You can’t eat buckeye nuts because they’re poisonous.
Native Americans knew a cooking method where they could extract the poison and make a dish called Hetuck, which was nutritious when prepared after mashing the roasted nuts.
However, even if you prepare the nuts by roasting and blanching, you would eat them as a last resort because you can never be sure if it’s completely free of the poisonous content.
Plus, the heating process is complex, so you shouldn’t try to roast them on an open fire.
Treat these nuts as inedible to avoid any ill effects.
If you search the internet for buckeye nuts benefits, you’ll come across recipes of buckeye fudge or buckeye candies.
However, these treats don’t contain buckeye nuts as their ingredient.
They’re just candies or fudge that look like buckeye nuts.
What Are Buckeyes Good For?
Native Americans consumed the buckeye nut for its medicinal benefits in treating arthritis and rheumatism, as they made great sedatives. But people used to heat up, roast, and leach it before consumption to make it safe to eat.
The nut’s medicinal benefits aren’t limited to internal uses, as you can use it externally as an ointment to treat rashes and ease the pain of hemorrhoids.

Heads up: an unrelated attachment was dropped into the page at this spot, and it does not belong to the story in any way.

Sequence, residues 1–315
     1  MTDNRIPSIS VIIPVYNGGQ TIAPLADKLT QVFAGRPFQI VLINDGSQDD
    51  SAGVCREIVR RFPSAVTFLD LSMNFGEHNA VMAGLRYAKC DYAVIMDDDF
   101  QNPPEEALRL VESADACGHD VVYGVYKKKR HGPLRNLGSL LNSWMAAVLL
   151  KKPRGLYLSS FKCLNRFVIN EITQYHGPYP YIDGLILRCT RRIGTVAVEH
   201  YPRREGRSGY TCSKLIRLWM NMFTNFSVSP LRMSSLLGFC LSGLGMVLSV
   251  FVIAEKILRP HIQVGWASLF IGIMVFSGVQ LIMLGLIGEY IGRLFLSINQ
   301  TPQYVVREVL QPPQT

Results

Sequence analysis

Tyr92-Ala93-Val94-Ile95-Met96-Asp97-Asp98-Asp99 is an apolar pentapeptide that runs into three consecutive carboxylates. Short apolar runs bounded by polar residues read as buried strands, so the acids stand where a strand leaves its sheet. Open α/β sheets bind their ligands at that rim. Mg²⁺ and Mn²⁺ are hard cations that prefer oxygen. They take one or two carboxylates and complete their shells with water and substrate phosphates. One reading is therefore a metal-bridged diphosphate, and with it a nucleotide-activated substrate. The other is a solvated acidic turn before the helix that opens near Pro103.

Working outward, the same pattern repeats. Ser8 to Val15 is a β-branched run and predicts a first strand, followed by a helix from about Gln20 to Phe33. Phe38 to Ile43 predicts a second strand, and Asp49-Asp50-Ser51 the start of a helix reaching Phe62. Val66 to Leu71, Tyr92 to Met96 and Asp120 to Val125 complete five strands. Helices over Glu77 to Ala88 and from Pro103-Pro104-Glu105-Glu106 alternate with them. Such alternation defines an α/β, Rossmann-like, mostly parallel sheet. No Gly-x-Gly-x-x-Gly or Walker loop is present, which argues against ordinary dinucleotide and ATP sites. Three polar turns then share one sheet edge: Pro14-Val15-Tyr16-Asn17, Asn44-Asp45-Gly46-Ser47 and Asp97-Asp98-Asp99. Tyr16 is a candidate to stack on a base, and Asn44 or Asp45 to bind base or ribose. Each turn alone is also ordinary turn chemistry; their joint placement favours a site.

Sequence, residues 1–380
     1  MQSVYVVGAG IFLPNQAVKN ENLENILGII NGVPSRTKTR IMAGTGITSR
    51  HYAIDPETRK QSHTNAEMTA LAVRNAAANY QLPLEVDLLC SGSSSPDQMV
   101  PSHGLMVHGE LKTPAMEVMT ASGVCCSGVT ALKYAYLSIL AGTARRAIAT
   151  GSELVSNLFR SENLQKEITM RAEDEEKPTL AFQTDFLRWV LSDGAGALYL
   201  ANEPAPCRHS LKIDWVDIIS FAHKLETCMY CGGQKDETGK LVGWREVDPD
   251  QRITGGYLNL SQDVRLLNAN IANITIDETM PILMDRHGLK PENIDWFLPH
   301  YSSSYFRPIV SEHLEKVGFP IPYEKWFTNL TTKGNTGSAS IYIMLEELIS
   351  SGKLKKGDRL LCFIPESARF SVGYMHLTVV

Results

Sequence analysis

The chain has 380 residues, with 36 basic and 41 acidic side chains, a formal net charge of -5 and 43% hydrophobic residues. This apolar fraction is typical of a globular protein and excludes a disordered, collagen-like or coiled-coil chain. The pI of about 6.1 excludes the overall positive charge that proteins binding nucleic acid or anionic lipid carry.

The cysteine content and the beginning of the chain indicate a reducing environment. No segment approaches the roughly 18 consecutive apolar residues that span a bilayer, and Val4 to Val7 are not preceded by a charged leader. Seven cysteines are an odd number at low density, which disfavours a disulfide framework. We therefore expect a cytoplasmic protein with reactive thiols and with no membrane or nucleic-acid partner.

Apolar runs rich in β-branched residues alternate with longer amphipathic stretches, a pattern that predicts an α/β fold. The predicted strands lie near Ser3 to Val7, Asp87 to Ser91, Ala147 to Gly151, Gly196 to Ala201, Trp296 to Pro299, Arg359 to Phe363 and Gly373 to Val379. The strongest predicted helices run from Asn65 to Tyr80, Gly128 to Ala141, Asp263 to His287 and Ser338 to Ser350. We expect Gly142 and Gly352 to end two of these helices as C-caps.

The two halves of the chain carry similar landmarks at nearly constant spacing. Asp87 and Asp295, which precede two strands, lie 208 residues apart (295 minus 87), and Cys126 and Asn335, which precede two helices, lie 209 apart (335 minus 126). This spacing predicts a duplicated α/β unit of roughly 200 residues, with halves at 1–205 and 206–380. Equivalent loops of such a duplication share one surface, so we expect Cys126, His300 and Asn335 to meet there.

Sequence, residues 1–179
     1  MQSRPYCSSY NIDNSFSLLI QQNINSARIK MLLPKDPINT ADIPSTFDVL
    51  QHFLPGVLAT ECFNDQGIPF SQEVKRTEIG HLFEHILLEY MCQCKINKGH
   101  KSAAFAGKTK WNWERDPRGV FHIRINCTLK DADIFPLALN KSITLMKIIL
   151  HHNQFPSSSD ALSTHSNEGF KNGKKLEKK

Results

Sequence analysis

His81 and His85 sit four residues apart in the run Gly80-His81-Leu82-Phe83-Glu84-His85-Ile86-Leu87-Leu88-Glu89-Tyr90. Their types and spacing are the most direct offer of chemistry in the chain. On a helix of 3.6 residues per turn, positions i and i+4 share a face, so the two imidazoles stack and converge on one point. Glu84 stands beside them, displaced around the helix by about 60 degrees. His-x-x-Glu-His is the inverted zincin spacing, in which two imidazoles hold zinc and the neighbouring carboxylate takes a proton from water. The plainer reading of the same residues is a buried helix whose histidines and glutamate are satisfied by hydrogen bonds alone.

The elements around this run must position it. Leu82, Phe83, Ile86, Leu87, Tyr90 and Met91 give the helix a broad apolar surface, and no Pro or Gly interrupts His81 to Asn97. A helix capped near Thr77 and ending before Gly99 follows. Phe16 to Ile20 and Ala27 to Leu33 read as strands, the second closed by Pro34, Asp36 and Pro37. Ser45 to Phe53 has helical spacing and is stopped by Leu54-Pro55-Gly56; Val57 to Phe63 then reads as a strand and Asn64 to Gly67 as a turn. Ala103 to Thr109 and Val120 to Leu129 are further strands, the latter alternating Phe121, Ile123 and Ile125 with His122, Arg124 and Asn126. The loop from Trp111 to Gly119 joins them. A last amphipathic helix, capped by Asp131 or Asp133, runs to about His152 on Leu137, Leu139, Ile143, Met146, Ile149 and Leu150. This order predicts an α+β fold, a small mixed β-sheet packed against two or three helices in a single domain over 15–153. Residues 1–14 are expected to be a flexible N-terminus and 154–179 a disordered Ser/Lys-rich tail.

For this effect, Native Americans wrap a cloth around the nuts and crush them using a hammer.
They boil them in water, drain them, and repeat the process to remove the toxins.
Once that is finished, they make a paste by adding lard.
Some people use the paste to remove mildew stains from fabric, such as linen.
It was also a good material for bookbinding due to its strong insect-proof properties.
Early settlers also used buckeye nuts to make soap and even carve baby cradles out of the tree’s trunk.
They used it to make utensils, furniture, strips for hats and baskets, crates, and caskets.
Before advancements in technology, Native Americans made prosthetic limbs with buckeye nuts because they were lighter than other woods.
Today, the most important use of the buckeye tree is for landscaping, as its beautiful buds make it a good choice for land beautification, and its canopy-like structure can create a pleasant shadow over the roads and houses.